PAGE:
A 4-year-old boy presented at the emergency department with fluctuating fever. The child's father noticed shortened breathing and fatigue lasting approximately one month. The patient suffered from activity-related tachycardia and tachypnoea. The clinical examination showed right-sided cardiac auscultation and diminished left-sided breath sounds
Chest radiograph showed almost complete opacification of the left lung with right-sided cardiomediastinal shift and a lucent well-defined lesion in the right lower lobe medially and posteroinferiorly (Figure 1). Subsequent ultrasound demonstrated solid lesion in the left hemithorax with adjacent pleural fluid (Figure 2). Contrast-enhanced computer tomography (CT) of the chest showed a large solid heterogeneously enhancing intrathoracic mass on the left side with right-sided cardiomediastinal displacement. There was accompanying left-sided pleural effusion and partial atelectasis of the left upper lobe (Figure 3 and 4). In the right lower lobe, a cystic lesion with thin intralesional septations was seen (Figure 4).
Biopsy via minithoracotomy and histopathological examination established the diagnosis of pleuropulmonary blastoma (PPB) type II. The cystic lesion in the right lung was diagnosed as congenital pulmonary airway malformation (CPAM). Molecular analysis proved associated DICER 1 gene mutation. The patient underwent adjuvant chemotherapy and left lower lobe lobectomy.
PPB is a rare primary lung malignancy affecting infants and children under 6 years of age. It is an aggressive, dysontogenetic, intrathoracic mesenchymal tumour occurring more commonly on the right-side [1,2].
There are 4 types PPB: purely cystic tumor either delineated (type 1) or not delineated by immature cancerous cells (type 1r; r stands for regressed), mixed cystic and solid (type 2), purely solid (type 3). Type 1 can progress to type 2 and 3. Only 8% type 1r tumors show onward progression to type 2 or 3 [1,2,3].
Clinical manifestations are nonspecific and may include chest or upper abdominal pain and general symptoms including anorexia and malaise .
PPB may be associated with genetic mutations, including DICER1 germline mutation and other extrapulmonary neoplasms [1,2,4].
PPB occurs in familial settings. Therefore the first and second-degree relatives should undergo genetic and imaging screening [1,2,4].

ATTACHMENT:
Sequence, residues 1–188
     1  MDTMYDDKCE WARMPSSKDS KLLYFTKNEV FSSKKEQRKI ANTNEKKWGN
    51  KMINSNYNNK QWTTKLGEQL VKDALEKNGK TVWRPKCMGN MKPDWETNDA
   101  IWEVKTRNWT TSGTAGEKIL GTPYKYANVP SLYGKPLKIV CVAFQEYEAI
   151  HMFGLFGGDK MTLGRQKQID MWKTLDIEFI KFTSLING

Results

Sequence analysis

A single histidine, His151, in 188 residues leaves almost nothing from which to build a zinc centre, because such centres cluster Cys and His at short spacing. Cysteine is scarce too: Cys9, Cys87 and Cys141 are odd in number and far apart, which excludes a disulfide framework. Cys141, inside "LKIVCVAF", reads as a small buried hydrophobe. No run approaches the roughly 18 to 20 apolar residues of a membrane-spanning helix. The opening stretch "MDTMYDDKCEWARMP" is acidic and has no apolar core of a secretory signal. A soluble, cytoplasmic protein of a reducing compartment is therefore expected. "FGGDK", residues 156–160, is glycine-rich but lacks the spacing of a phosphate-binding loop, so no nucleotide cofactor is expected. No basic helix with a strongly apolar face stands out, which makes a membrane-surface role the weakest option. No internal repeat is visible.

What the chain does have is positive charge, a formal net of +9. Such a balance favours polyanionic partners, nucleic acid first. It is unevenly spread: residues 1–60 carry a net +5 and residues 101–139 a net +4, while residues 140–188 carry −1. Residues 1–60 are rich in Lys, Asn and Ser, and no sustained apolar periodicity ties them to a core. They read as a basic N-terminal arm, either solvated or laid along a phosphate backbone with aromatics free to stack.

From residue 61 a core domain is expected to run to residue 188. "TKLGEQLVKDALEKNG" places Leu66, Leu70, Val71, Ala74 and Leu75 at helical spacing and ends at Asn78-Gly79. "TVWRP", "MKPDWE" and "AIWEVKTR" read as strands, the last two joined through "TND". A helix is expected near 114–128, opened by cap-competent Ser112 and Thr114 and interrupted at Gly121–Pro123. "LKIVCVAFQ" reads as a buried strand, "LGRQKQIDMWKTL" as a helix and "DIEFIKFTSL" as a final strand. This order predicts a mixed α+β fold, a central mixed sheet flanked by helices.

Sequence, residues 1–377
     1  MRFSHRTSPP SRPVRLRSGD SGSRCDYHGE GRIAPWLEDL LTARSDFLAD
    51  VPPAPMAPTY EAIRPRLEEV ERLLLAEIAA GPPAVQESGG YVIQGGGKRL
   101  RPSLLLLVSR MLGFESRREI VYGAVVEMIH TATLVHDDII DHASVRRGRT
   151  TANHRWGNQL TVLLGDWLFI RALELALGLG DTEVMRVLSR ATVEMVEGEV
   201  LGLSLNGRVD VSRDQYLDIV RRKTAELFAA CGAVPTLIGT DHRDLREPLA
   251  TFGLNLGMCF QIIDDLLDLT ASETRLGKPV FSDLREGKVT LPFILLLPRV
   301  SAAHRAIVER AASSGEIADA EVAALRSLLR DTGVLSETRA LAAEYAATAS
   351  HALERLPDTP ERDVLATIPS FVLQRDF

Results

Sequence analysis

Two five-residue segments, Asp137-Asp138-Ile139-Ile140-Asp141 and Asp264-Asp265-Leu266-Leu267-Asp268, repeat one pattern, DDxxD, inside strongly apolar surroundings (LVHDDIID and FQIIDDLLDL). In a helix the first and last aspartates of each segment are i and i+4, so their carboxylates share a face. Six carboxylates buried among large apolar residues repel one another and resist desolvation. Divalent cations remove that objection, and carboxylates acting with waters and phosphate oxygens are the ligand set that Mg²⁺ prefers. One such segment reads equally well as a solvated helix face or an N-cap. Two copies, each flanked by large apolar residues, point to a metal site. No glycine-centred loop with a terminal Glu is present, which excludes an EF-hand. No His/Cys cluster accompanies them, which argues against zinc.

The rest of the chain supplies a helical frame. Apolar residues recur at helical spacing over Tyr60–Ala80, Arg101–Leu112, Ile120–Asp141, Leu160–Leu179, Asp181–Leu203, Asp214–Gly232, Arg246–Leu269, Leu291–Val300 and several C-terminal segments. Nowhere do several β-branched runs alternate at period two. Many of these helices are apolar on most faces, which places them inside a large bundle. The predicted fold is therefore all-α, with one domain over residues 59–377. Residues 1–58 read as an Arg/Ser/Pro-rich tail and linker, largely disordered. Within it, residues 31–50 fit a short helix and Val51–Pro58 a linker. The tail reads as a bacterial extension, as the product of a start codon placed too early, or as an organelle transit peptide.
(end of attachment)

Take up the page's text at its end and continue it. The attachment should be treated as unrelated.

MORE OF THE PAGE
Chest radiograph typically demonstrates opacification of the hemithorax with associated mass effect. Ultrasound of chest shows consolidation with or without pleural fluid. CT imaging is used to diagnose PPB, evaluate the extent of the disease and monitor treatment.
CT imaging typically demonstrates a single or multicystic air-filled mass (type 1), mixed solid- cystic mass with air- or fluid-filled cavities and air-fluid levels (type 2), homogeneously or heterogeneously enhancing low attenuating solid mass, which may show increased 18F-fluorodeoxyglucose uptake on PET-CT examination (type 3). MRI shows a heterogeneous mass with or without cysts, vascularized foci, intralesional haemorrhage and areas of restricted diffusion. The complications of PPB consist of pneumothorax, pleural and pericardial effusion .
There is a variety of cystic lung lesions which may resemble PPB on imaging. Therefore, correlation with clinical history and histopathology is needed (see differential diagnosis list).
The primary treatment of PPB is surgical resection (type 1/1r, 2, 3) or adjuvant chemotherapy (CHT) to reduce the size of tumour followed by surgical excision (type 1,2,3). For recurrent tumours high dose CHT with autologous stem cell transplantation is recommended. Radiation therapy is reserved for nonresectable tumours or residual tumours after CHT [2,3].
Type 1 has a better prognosis than type 2 and 3. The event-free survival rate is 49% for all patients with PPB (83% for type 1, 49% for type 2, and 42% for type 3). Type 2 and 3 can metastasize in the skeletal and central nervous system [1,2].
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